Matt's idea that the phrase might have a different meaning in each saying seems probable to me.
I've been slightly more successful searching for see a pudding crawl on its own (without the laughing part). And it is a lot more frequent with creep than crawl.
There's a peak in the early 19th century for see a pudding creep because it was used in an essay by Jonathan Swift :
it would vex a dog to see a pudding creep
where it could be understood as "see a pudding go to waste".
The oldest quote I have found is in a 1617 nonsense anonymous verse :
I grant that Rainbowes being lull'd asleep,
Snort like a woodknife in a Lady's eyes;
Which makes her grieve to see a pudding creep,
For Creeping puddings only please the wise.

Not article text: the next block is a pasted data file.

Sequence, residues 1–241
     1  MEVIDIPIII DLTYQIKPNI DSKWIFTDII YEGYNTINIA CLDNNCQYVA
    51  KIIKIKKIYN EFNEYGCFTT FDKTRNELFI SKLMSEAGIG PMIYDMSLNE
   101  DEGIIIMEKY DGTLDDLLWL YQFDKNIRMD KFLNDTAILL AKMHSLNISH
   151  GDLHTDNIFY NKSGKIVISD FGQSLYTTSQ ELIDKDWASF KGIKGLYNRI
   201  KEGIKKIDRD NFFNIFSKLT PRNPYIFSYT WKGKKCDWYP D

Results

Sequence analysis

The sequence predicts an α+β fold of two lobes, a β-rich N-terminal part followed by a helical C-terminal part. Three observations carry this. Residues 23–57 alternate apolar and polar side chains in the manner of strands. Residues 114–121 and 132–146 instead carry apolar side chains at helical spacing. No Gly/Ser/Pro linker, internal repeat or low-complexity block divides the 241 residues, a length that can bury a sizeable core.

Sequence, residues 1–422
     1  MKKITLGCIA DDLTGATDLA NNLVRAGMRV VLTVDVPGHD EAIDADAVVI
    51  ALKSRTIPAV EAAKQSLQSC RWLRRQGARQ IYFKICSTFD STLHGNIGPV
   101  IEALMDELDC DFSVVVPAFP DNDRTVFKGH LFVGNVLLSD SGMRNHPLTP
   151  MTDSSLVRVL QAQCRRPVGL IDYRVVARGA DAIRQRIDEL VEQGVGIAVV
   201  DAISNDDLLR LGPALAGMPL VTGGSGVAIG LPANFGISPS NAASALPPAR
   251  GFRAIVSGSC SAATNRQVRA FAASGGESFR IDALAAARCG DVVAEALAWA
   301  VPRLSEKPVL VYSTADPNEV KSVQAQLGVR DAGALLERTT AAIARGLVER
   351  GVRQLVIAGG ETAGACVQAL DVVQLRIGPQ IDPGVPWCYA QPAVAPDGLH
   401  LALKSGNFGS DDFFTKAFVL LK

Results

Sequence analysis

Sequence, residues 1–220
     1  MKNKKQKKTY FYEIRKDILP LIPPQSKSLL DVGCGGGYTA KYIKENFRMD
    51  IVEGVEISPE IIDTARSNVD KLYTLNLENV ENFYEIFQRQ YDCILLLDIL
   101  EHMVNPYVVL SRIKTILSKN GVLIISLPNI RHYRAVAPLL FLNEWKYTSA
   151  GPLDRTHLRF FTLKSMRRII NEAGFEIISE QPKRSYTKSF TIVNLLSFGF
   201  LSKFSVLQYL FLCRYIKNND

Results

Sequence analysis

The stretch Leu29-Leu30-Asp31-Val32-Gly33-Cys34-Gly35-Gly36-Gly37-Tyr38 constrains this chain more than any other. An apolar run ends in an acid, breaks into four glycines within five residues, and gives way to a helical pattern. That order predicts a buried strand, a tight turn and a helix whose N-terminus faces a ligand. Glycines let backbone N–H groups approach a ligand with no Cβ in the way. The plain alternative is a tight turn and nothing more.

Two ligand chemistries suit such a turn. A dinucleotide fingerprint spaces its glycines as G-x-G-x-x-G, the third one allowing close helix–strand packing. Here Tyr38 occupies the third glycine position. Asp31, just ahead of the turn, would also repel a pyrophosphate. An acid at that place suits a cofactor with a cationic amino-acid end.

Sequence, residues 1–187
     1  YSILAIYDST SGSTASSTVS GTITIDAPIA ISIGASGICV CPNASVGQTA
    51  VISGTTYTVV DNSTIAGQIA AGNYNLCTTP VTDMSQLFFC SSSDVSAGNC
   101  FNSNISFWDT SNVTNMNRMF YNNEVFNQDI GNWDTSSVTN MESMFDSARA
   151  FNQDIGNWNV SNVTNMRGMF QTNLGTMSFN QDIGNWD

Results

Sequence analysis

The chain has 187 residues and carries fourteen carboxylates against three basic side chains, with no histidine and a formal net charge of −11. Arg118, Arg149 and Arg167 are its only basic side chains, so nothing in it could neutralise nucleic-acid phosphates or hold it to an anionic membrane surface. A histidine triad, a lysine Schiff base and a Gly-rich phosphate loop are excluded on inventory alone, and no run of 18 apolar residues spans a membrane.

Here again it's the idea of waste. So how did it become associated with laughter? (A hint of sadism maybe?)
The phrase seems to be British (rather than US), here's an excerpt to what seems to me to be a pastiche from the TV series Star Treck:
"You would laugh to see a pudding crawl..." Spock read aloud, an eyebrow almost rocketing off his face. "...a fascinating image."
Kirk gave him a weird look. "I never thought I'd say this, but that's one of the only phrases I haven't heard Bones say."
"That is hardly surprising, Jim, as it originates in Britain."
It can found in a cockney dictionary and a 2005 excerpt from a web blog:
But then, us Londoners, as my dad used to say, would laugh to see a pudding crawl.